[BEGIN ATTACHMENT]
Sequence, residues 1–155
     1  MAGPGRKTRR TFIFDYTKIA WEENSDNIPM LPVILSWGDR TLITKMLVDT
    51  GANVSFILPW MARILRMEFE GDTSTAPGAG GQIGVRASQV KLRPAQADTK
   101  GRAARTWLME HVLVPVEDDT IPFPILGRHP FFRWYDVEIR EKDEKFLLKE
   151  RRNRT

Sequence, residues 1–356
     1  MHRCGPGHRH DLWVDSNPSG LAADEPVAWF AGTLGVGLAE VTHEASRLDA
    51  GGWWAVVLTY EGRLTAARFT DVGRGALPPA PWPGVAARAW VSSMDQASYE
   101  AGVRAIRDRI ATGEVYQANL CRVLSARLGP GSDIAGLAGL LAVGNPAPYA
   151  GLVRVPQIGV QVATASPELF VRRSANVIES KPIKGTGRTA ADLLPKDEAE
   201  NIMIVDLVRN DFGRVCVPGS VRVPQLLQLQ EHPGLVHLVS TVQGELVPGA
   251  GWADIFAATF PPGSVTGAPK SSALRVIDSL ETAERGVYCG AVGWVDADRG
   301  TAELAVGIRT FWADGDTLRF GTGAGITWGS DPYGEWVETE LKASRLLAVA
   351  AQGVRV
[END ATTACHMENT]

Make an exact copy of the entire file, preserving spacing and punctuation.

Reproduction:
Sequence, residues 1–155
     1  MAGPGRKTRR TFIFDYTKIA WEENSDNIPM LPVILSWGDR TLITKMLVDT
    51  GANVSFILPW MARILRMEFE GDTSTAPGAG GQIGVRASQV KLRPAQADTK
   101  GRAARTWLME HVLVPVEDDT IPFPILGRHP FFRWYDVEIR EKDEKFLLKE
   151  RRNRT

Sequence, residues 1–356
     1  MHRCGPGHRH DLWVDSNPSG LAADEPVAWF AGTLGVGLAE VTHEASRLDA
    51  GGWWAVVLTY EGRLTAARFT DVGRGALPPA PWPGVAARAW VSSMDQASYE
   101  AGVRAIRDRI ATGEVYQANL CRVLSARLGP GSDIAGLAGL LAVGNPAPYA
   151  GLVRVPQIGV QVATASPELF VRRSANVIES KPIKGTGRTA ADLLPKDEAE
   201  NIMIVDLVRN DFGRVCVPGS VRVPQLLQLQ EHPGLVHLVS TVQGELVPGA
   251  GWADIFAATF PPGSVTGAPK SSALRVIDSL ETAERGVYCG AVGWVDADRG
   301  TAELAVGIRT FWADGDTLRF GTGAGITWGS DPYGEWVETE LKASRLLAVA
   351  AQGVRV